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In humans, pain is a distressing feeling often caused by intense or damaging stimuli.
However, for non-human animals, it is harder, if even possible, to know whether an emotional experience has occurred.
Therefore, this concept is often excluded in definitions of pain in animals, such as that provided by Zimmerman: "an aversive sensory experience caused by actual or potential injury that elicits protective motor and vegetative reactions, results in learned avoidance and may modify species-specific behaviour, including social behaviour." Non-human animals cannot report their feelings to language-using humans in the same manner as human communication, but observation of their behaviour provides a reasonable indication as to the extent of their pain. National Research Council Committee on Recognition and Alleviation of Pain in Laboratory Animals, pain is experienced by many animal species, including mammals and possibly all vertebrates.
Just as with doctors and medics who sometimes share no common language with their patients, the indicators of pain can still be understood. This is the ability to detect noxious stimuli which evoke a reflex response that rapidly moves the entire animal, or the affected part of its body, away from the source of the stimulus.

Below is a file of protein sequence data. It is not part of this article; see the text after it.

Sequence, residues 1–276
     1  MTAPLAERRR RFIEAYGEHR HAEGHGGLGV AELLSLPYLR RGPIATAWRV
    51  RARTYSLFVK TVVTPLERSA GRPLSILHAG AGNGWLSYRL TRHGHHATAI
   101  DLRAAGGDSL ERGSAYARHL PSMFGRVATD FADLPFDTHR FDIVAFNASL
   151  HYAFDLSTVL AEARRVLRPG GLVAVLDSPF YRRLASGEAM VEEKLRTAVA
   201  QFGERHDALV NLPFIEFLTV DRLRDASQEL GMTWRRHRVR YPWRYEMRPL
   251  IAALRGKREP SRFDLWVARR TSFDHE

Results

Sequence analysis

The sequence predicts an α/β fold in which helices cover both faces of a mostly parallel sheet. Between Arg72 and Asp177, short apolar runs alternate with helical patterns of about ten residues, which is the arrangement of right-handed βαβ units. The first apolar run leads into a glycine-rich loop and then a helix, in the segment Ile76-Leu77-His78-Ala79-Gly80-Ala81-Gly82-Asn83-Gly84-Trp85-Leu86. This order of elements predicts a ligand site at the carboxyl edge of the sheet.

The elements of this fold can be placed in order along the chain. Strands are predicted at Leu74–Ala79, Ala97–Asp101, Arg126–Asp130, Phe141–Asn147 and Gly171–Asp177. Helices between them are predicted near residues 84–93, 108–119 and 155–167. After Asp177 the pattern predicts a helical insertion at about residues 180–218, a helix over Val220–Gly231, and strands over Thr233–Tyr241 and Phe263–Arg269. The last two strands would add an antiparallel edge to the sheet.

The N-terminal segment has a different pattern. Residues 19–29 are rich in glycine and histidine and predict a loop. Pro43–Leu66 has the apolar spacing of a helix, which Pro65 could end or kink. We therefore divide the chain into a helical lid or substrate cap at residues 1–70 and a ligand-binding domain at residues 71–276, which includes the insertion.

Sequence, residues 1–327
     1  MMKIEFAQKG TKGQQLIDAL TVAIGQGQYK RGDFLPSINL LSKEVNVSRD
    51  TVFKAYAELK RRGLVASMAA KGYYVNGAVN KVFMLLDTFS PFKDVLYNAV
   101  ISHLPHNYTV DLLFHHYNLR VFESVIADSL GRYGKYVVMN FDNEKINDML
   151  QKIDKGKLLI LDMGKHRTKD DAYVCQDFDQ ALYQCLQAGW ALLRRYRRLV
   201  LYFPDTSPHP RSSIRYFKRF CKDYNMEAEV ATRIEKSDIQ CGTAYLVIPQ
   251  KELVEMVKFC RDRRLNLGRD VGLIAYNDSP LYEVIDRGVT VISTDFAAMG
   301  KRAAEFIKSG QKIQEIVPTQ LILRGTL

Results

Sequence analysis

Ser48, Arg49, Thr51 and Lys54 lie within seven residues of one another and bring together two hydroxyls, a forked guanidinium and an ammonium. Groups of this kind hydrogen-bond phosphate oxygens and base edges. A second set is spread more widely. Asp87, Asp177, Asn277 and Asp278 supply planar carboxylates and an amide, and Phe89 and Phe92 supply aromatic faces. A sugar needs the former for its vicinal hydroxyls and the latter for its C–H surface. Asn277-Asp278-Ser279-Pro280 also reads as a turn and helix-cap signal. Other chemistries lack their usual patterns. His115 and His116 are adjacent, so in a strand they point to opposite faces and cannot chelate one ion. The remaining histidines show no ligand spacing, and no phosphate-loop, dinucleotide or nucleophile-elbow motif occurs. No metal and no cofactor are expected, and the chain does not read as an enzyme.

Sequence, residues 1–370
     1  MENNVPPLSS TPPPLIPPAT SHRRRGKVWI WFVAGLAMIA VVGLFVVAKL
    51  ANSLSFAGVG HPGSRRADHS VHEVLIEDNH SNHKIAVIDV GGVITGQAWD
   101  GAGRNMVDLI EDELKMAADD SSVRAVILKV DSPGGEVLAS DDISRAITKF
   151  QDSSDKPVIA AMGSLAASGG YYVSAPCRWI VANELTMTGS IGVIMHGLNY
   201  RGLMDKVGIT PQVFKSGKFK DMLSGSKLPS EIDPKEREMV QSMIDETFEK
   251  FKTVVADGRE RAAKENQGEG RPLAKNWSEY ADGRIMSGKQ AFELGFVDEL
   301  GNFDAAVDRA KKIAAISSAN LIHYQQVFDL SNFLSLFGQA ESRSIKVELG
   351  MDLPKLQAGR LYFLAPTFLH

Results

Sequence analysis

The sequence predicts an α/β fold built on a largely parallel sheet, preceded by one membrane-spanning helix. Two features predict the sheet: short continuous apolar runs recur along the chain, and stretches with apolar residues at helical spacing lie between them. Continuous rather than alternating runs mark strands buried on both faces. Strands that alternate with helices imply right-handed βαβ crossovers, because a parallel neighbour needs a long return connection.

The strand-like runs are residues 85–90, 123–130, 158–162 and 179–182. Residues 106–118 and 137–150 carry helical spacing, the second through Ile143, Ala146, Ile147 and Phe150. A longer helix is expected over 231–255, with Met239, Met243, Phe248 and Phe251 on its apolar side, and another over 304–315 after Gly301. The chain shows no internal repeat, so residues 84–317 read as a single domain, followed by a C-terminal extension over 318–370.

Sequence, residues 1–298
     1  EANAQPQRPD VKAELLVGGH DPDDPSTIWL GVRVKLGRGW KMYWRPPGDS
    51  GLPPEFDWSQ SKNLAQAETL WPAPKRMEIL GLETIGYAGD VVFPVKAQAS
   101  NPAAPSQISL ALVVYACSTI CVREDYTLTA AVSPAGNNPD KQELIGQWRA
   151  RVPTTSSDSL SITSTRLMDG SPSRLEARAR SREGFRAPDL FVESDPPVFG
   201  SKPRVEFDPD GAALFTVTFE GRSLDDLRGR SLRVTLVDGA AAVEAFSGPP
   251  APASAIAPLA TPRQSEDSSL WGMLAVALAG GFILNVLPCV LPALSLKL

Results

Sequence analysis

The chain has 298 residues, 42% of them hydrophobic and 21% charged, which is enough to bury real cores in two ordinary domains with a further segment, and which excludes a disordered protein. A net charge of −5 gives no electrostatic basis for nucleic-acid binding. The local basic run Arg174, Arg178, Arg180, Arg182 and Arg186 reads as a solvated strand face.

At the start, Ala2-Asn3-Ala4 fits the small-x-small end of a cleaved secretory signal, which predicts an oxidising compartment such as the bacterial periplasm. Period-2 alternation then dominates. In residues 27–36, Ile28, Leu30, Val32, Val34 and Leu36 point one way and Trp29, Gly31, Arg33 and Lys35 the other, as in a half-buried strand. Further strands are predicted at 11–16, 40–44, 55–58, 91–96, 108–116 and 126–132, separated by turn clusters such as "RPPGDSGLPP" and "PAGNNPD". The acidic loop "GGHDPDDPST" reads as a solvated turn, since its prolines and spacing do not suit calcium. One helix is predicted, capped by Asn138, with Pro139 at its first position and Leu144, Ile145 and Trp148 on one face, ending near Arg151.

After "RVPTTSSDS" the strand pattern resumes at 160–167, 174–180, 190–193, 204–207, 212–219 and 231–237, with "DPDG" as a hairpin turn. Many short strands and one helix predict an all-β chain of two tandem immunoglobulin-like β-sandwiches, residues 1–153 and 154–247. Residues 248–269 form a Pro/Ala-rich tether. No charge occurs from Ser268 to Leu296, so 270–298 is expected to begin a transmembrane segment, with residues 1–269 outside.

The concept of nociception does not imply any adverse, subjective "feeling" – it is a reflex action.
An example in humans would be the rapid withdrawal of a finger that has touched something hot – the withdrawal occurs before any sensation of pain is actually experienced.
The second component is the experience of "pain" itself, or suffering – the internal, emotional interpretation of the nociceptive experience.Again in humans, this is when the withdrawn finger begins to hurt, moments after the withdrawal. Pain cannot be directly measured in other animals, including other humans; responses to putatively painful stimuli can be measured, but not the experience itself.To address this problem when assessing the capacity of other species to experience pain, argument-by-analogy is used.This is based on the principle that if an animal responds to a stimulus in a similar way to ourselves, it is likely to have had an analogous experience.Reflex arc of a dog when its paw is stuck with a pin.The spinal cord responds to signals from receptors in the paw, producing a reflex withdrawal of the paw.This localized response does not involve brain processes that might mediate a consciousness of pain, though these might also occur.Nociception usually involves the transmission of a signal along nerve fibers from the site of a noxious stimulus at the periphery to the spinal cord.Although this signal is also transmitted on to the brain, a reflex response, such as flinching or withdrawal of a limb, is produced by return signals originating in the spinal cord.Thus, both physiological and behavioral responses to nociception can be detected, and no reference need be made to a conscious experience of pain.Based such criteria nociception has been observed in all major animal taxa.